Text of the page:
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Jaco Pastorius - Truth, Liberty & Soul – Live In NYC album review

1982 live portrait of a genius at work

Jaco Pastorius - Truth, Liberty & Soul – Live In NYC album artwork

There are few musicians who can credibly claim to have changed the world, but Jaco Pastorius is one of them. After he appeared on the international scene, his unique sound created a wave upon which he surfed triumphantly, and almost everyone else fell by in his wake, trying to figure out how he did it. That signature sound mixed a smooth, fretless slide with an ebullient swagger, glittering with resonant harmonics. And although almost every bassist around the globe would try to emulate him, nobody ever managed to sound quite like Pastorius. Though his grandstanding could get the better of him toward the end of his revelatory tenure with Weather Report, on this pristine-sounding two-disc set, containing 40 minutes of unreleased music, the bassist had his ego in check and his incredible gifts firmly in support of the music.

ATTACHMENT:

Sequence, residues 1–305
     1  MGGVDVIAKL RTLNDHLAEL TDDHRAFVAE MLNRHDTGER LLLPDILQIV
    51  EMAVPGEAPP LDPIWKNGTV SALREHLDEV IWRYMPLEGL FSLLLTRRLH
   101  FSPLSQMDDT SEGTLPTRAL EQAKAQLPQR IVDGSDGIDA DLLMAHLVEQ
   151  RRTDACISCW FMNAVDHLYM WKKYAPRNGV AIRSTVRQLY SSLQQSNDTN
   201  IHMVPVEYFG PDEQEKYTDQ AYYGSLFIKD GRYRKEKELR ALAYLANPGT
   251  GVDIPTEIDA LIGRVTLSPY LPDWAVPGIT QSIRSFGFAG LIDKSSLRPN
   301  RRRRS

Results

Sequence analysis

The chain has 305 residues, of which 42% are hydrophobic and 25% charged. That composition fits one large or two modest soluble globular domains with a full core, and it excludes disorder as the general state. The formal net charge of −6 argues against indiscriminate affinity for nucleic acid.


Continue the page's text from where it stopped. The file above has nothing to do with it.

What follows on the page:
The celebratory feel to the concert allows Jaco considerable expressive scope to show how he was able to back up his oft-stated claim that he was ‘the greatest bassist in the world’. As impressive as his solo perambulations are, the sparks truly fly when he’s operating within the capacious embrace of the 22-piece ensemble that includes his Weather Report sidekick, drummer Pete Erskine. This brass-heavy outing draws upon his 1981 solo album, Word Of Mouth. With steel drums and Toots Thielmans’ sunny harmonica casting a warm glow on top of swinging, punchy arrangements, pieces such as Three Views Of Secret, Liberty City and a devastating ensemble reading of Donna Lee produce a dazzling festival of colour and counterpoint. This release is accompanied by an impressive 100-page booklet featuring exhaustive and informative interviews, and it sets the bar for other archive projects. It also does a great job of reminding us of the phenomenal talent that was lost forever just five years after this remarkable concert was recorded. Taken from us aged just 35, Jaco, we hardly knew ye.